Glitazones are also known as thiazolidinediones; an example is Pioglitazone. Glitazones reduce insulin resistance and help your natural insulin work more effectively.


  • Improved diabetes control and lower HbA1c
  • Reduce blood pressure
  • Improve the balance of healthy to unhealthy cholesterol in your blood


  • Linked with oedema and risk of heart failure
  • Worsening of osteoporosis and increased fracture risk
  • Weight gain


Gliptins are also called DPP-4 inhibitors; examples include Sitagliptin and Saxagliptin. They block the enzyme DPP-4, which breaks down incretin hormones. Gliptins prevent DPP-4 from breaking down incretin. Levels of incretin in the gut rise, stimulating your body to produce more insulin and less glucose.


  • Improved diabetes control and a reduced HbA1c
  • Doesn’t cause weight gain
  • Unlikely to cause hypos


  • Gastrointestinal disturbance including constipation, vomiting, nausea, diarrhoea and indigestion
  • Acute pancreatitis
  • Liver inflammation
  • Headache
  • Itchy rash and allergies
  • Muscular aches and joint pain

SGLT2 Inhibitors

SGLT2 is short for sodium-glucose like co-transporter 2 inhibitors; examples include Dapagliflozin and Empagliflozin. The tablets block your kidneys from reabsorbing glucose. You will pass out more glucose in your urine so that sugar levels in your blood will decrease.


  • Improved diabetes control and a lower HbA1c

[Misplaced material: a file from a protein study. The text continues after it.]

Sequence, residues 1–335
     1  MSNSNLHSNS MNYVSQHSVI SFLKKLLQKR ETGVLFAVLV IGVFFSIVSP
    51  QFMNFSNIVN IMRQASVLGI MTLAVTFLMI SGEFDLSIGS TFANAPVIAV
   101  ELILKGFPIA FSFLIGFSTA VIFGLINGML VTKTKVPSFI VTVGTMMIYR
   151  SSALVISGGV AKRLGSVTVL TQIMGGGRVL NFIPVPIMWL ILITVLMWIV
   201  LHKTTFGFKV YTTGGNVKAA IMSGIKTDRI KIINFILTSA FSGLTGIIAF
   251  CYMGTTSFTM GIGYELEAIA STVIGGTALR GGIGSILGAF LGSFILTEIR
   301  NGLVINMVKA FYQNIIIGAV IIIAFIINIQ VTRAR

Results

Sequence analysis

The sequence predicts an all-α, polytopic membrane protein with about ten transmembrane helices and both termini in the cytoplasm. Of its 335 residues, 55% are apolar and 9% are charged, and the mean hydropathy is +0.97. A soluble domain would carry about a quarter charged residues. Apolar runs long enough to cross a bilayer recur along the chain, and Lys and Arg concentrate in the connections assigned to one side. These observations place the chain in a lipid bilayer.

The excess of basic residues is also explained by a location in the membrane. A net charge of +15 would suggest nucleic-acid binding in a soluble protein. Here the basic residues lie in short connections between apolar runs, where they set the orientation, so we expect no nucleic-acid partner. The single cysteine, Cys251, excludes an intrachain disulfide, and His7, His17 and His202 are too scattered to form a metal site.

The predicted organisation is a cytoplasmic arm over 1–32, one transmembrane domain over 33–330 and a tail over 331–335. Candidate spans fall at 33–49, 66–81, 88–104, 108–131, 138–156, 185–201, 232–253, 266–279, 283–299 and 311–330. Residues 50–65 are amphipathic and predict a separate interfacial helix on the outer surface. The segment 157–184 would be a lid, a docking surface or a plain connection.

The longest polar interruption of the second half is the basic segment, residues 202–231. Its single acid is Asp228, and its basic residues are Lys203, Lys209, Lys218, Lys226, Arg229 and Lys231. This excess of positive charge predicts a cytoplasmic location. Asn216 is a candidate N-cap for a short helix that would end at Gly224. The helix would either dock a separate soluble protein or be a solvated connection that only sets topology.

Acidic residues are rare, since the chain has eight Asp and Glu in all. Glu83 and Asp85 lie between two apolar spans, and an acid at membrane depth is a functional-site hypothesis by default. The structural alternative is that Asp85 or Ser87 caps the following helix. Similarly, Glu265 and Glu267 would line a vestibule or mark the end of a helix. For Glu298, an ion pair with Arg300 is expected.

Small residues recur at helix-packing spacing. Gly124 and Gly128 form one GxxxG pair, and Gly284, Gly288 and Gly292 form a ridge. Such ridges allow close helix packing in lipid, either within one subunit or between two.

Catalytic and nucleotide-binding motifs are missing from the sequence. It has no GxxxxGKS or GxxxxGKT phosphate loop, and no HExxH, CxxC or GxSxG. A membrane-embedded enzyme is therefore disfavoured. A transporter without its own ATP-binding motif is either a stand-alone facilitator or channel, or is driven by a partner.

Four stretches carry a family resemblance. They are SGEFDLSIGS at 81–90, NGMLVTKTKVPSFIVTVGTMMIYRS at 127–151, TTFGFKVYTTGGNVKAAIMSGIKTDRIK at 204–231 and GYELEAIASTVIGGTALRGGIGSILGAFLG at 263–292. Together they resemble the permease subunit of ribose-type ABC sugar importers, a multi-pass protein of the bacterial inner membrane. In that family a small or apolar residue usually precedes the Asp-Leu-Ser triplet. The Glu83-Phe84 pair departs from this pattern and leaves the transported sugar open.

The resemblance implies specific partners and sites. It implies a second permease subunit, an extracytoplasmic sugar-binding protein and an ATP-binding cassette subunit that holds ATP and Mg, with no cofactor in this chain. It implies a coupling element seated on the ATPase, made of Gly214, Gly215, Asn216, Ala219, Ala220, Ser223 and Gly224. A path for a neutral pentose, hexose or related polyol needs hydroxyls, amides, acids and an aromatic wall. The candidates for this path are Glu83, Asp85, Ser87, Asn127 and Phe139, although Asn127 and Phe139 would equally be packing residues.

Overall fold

• Can help with kidney disease
  • Can help people with heart failure


  • Diabetic ketoacidosis has been linked to SGLT2 inhibitors even with optimal or near-optimal blood glucose levels
  • Hypoglycaemia
  • Increased risk of genital and urinary tract infections
  • Urinary frequency
  • Hypotension and dizziness on standing
  • Constipation

Incretin mimetics

Incretin mimetics are also known as GLP1 medications. An example includes Liraglutide or Saxenda. They are relatively new injectable diabetes medications. They stimulate insulin release from your pancreas and decrease glucagon production, and slow stomach emptying.


  • Improved diabetes control and a reduced HbA1c
  • Get full more quickly when eating
  • Reduced hunger
  • Weight loss


  • Needs to be injected daily or weekly, depending on the drug
  • Can cause nausea, vomiting, diarrhoea and constipation
  • Problems with hypos
  • Insomnia and fatigue
  • Dry mouth
  • Increased risk of gallstones

The best medication for type 1 diabetes

When you have type 1 diabetes, your pancreas can’t produce the hormone insulin. Insulin is essential to your body. It acts like a key, unlocking your cells so that they can burn glucose for energy. Without insulin, your body cells don’t have the fuel they need to function; they will fail and die. You need replacement insulin to stay alive, making insulin the best and most essential medication for type 1 diabetes.

Insulin is broken down in your stomach, so it can’t be taken as a tablet. Instead, you need to inject it under your skin. You can use a fine needle and specially-designed insulin syringe to inject insulin- but most people now find it more comfortable and convenient to use insulin pens or insulin pumps.

Insulin pumps for type 1 diabetes

Insulin pumps are electronic devices that deliver small amounts of insulin into your body twenty-four hours a day.

Insulin pumps administer the same medication as pens and syringes -insulin- but they more effectively replicate your body’s natural pattern of insulin release. You programme the pump to deliver a background insulin level around the clock and add bolus doses when you have a meal or snack.

An insulin pump can improve your diabetes control, prevent diabetes complications, reduce the risk of dangerous highs and lows, and improve your quality of life.








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Carol Willis - Diabetes Clinic Facilitator